actIoNs tHat REsUlt IN loss oF lIcENsE ...............................78
Financial Responsibility ................78 Insurance .....................................78 Insurance Requirements............78 Collisions on Your Record ..........79 Collisions, Insurance, and Minors .....................................79 Alcohol/Drugs while Driving .........79 Alcohol/Drugs and Driving Is Dangerous ..............................79 Carrying Alcohol in a Vehicle .....82 Drivers Under 21 (Possession of Alcohol) ...........82 Drivers of All Ages ......................83 Blood Alcohol Concentration (BAC) Limits ............................83 Admin Per Se ...............................83 Court DUI Convictions ..................84 Drivers 21 and Older—DUI Programs and Restricted Licenses ..................................85 Designated Driver Program ..........85 Getting a Ticket.............................86 Evading a Police Officer ...............86 Points on the Driver Record .........86 Vandalism/Graffiti—All Ages .........87 Speed Contests/Reckless Driving .......................................87 Possessing Firearms ....................87 Traffic Violator School Dismissals .................................87 Suspension or Revocation by DMV......................................87 Suspension by Judge ...................88

addItIoNal dRIvING laws/RUlEs..........................69
Things You Must Not Do: ..............69 Things You Must Do:.....................71

HEaltH aNd saFEtY...................71
Safety for the Aging Driver............71 Good Vision for All Drivers............71 Hearing.........................................73 Alertness ......................................73 Medications ..................................73 Health and Emotions ....................74 Conditions Physicians Must Report ...............................74 Safety Tips....................................74 Record Confidentiality ..................75 Vehicle Theft Prevention Tips........75 Traffic Breaks ...............................76 What a Driver Should Do During an Enforcement Stop .....77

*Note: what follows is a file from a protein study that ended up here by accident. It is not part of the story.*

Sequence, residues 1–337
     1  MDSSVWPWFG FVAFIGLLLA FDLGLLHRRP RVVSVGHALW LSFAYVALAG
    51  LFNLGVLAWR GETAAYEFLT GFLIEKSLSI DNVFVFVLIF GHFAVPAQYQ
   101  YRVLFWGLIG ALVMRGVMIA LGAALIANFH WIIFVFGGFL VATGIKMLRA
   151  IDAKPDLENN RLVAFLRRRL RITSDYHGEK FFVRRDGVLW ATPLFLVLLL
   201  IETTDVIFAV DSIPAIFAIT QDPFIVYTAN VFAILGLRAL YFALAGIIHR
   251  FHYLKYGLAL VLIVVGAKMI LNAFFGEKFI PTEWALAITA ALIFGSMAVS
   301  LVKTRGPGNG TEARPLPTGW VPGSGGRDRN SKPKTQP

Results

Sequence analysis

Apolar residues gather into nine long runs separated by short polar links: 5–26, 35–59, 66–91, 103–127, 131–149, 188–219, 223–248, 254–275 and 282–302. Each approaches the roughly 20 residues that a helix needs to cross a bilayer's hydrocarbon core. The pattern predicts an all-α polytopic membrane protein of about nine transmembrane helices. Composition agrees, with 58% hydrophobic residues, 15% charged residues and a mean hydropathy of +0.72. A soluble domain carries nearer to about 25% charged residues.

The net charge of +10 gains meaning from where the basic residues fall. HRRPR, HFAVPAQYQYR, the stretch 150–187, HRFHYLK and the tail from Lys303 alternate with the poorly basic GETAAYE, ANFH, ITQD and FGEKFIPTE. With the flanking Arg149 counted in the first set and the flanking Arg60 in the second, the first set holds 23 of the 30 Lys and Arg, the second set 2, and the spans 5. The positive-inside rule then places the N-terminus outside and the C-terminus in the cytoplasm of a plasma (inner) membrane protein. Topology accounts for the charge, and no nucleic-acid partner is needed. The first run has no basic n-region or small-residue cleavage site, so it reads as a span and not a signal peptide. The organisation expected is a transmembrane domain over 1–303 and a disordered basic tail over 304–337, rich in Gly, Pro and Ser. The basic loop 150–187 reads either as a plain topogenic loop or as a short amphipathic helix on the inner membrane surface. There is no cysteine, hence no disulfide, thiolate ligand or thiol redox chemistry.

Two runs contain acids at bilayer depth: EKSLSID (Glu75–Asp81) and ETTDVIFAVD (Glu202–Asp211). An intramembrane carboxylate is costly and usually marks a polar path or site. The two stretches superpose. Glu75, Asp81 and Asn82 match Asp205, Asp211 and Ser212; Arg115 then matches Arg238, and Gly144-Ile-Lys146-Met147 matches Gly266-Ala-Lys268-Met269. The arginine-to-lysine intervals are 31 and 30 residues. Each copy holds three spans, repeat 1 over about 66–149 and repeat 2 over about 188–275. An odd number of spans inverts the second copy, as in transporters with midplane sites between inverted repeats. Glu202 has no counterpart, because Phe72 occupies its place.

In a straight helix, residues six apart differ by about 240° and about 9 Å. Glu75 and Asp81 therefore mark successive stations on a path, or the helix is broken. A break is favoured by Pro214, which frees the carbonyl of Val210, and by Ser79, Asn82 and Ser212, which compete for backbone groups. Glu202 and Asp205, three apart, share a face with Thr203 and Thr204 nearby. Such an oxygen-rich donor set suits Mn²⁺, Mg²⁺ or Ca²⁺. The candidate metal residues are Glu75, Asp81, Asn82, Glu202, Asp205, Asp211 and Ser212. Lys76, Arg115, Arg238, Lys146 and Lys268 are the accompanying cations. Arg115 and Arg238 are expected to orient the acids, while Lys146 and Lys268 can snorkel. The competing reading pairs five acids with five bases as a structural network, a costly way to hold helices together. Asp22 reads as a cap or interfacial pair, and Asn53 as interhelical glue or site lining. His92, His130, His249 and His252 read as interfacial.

vEHIclE REGIstRatIoN REqUIREmENts ......................89
California Vehicles ........................89 Out-of-State Vehicles....................90 Related Fast Facts and Other Publications (available online):.......................91 Sample Test #1 .............................93 Sample Test #2 .............................94

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NEw 2010 laws
Driving Under the Influence (DUI) Pilot Program Effective July 1, 2010 • A Driving Under the Influence (DUI) pilot program will be implemented that requires a first time or multiple DUI offender to install an Ignition Interlock Device (IID) in certain areas. • Reduces the mandatory suspension period for a repeat DUI offender who opts for an IID restricted driver license by enrolling in or partially completing a DUI treatment program and installing an IID. These individuals must meet all other reinstatement requirements.

New INformatIoN

• Neighbor Electric Vehicles (NEV) and Low-Speed Vehicles (LSV) have become fixtures on our roadways and part of the California driving culture. See the NEV and LSV section on (page 59) for more information on these new class of passenger vehicles. • Information that applies to minors is identified by brown headings.

where to wrIte
If you have any comments or suggestions regarding this publication, please send them to: Department of Motor Vehicles Customer Communications Section MS H165 PO Box 932345 Sacramento, CA 94232-3450
© Copyright, Department of Motor Vehicles 2010 All rights reserved This work is protected by U. S. Copyright Law. DMV owns the copyright of this work. Copyright law prohibits the following: (1) reproduction of the copyrighted work; (2) distribution of copies of the copyrighted work; (3) preparation of derivative works based upon the copyrighted work; (4) displaying the copyrighted work publicly; or (5) performing the copyrighted work publicly. All requests for permission to make copies of all or any part of this publication should be addressed to:

Department of Motor Vehicles Legal Office MS C128 PO Box 932382 Sacramento, CA 94232-3820 - viii -

dmv INFoRmatIoN